Loading ...
Sorry, an error occurred while loading the content.

[XP] Re: 5th Variable? Is ROI independent of the other 4?

Expand Messages
  • jeffgrigg63132
    ... Yes; it probably is just a difference of perspective. I m not saying that you can t do anything to change the ROI of your project. Quite the contrary...
    Message 1 of 9 , Oct 4, 2002
    • 0 Attachment
      --- Jeff Grigg said:
      > > I'm saying that ROI is a derived value that depends
      > > *entirely* on the more fundamental variables (be there
      > > 4 of them, or some other number). Far from being
      > > independent, I say that you can't change ROI without
      > > changing one of the more fundamental variables.

      > > As I see it, ROI is a "bottom line" figure -- something you can
      > > measure and wish for, but not something you can directly manage.

      > > The "other 4" are inputs are things you can manage or change --
      > > to produce the desired resulting change in ROI.

      --- "Bryan Dollery" <Bryan.Dollery@C...> wrote:
      > Could the same thing be argued about say Cost - can cost be
      > controlled purely through manipulating the other three
      > variables? I think so - and this doesn't seem to have been
      > a qualifying factor for it.

      > I think that this may just be a question of perspective. If
      > you want to manipulate ROI, then it *is* possible.

      Yes; it probably is just a difference of perspective.

      I'm not saying that you can't do anything to change the ROI of your
      project. Quite the contrary... All you have to do is reduce cost,
      improve productivity, deliver value to the business sooner, or take
      any other action that will change any of the "inputs to the equation."

      Return on Investment (ROI) = business value returned (discounted by
      inflation, for time) -divided-by- investment (also discounted by time)
      _ _ _

      I tend to say that you can control these three variables on a project:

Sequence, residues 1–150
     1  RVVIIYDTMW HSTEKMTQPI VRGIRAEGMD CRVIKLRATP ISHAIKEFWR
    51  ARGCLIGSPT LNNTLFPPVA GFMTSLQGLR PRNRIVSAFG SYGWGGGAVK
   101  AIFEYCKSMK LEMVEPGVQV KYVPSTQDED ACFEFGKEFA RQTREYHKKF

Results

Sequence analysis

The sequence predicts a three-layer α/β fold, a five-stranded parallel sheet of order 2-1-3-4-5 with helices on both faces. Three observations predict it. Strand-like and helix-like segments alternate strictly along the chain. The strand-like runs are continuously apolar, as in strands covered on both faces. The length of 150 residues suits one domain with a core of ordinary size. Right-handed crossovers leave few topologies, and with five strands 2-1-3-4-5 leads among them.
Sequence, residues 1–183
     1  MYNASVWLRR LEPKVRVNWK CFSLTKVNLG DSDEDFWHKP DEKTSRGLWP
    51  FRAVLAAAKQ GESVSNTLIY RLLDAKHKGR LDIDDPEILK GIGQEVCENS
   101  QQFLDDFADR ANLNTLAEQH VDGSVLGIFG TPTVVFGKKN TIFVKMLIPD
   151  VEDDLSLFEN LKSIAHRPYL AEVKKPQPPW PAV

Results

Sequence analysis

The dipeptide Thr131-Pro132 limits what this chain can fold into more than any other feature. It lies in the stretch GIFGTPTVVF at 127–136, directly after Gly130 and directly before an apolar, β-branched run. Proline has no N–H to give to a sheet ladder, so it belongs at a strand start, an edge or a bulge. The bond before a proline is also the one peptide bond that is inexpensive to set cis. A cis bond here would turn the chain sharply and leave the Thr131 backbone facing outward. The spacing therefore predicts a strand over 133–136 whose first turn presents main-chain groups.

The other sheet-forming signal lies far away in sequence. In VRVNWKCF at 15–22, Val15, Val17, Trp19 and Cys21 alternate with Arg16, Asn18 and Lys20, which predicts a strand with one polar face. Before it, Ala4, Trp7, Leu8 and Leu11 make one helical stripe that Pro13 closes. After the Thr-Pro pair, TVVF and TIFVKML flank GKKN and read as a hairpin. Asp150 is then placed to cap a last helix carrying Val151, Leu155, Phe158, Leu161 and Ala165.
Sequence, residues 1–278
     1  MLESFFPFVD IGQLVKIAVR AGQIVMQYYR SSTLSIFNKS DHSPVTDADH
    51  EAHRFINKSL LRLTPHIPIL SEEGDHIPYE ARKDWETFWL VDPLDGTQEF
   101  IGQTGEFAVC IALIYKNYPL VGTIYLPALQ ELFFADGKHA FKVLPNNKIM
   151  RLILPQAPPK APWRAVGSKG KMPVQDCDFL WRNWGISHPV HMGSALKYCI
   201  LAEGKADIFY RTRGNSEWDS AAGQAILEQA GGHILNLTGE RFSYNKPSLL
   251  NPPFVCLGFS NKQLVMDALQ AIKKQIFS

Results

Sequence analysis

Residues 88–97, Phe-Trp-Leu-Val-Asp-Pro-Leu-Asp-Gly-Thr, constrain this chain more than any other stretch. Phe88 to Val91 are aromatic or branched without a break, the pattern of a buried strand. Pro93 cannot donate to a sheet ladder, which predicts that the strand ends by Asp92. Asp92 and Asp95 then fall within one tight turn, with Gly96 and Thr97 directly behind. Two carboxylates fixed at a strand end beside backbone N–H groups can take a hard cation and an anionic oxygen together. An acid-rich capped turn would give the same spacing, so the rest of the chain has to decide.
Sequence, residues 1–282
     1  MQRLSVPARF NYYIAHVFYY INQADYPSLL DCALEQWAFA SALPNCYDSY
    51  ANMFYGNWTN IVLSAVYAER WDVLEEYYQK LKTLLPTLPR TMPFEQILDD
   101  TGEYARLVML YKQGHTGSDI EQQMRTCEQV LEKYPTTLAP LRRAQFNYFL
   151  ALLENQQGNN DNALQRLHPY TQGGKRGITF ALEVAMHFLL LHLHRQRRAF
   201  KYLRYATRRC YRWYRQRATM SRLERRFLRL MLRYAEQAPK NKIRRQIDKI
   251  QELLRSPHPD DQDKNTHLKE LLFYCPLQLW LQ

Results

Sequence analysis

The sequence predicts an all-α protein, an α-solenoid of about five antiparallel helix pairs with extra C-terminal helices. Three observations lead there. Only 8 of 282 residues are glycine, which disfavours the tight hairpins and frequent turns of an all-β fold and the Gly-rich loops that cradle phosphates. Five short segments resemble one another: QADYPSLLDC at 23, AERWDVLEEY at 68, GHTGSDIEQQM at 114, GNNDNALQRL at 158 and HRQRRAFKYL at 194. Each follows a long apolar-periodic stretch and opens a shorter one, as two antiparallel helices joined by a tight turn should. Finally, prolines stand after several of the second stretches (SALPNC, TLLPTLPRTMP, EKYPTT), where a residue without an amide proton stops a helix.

1. resources (cost)
      2. time / schedule
      3. delivered functionality

      (I don't talk about quality, because I insist that quality is not
      negotiable. In some ways, quality is variable #4.)

      If you want more or less of any of these 3 (or 4) variables, you can
      do so with an impact on one or more of the other variables. In a
      well run project, you should, in theory, be able to fix (render
      unchangeable) all the variables but one, but the last variable, at
      best, will be just an estimate.

      (In a many projects, all 4 variables are out of control!)
      _ _ _

      So, getting back to ROI...
      #3, delivered functionality is the return
      #1, resources/cost is the investment
      both of these are adjusted by #2 - time
      and influenced by quality.
      _ _ _

      How does XP address this?

      A: All good news, in my opinion:

      All iterative methods return value sooner, rather than later. This
      reduction in time to delivery reduces the inflation discount on both
      the business value and the investment in resources. Shorter
      iterations are better.

      All sensible iterative methods deliver high value business functions
      first. That is, they should be based on some kind of prioritizing
      scheme. XP breaks user requirements down into very small stories,
      making it possible to do only the most highly valued functionality
      first. Delivering highly valued business functionality first is good
      for ROI.

      High developer productivity enables one to produce more value for the
      investment. This directly addresses the ROI issue of value for
      investment. XP improves developer productivity.

      XP teams shouldn't fear ROI. XP is good for ROI.
    Your message has been successfully submitted and would be delivered to recipients shortly.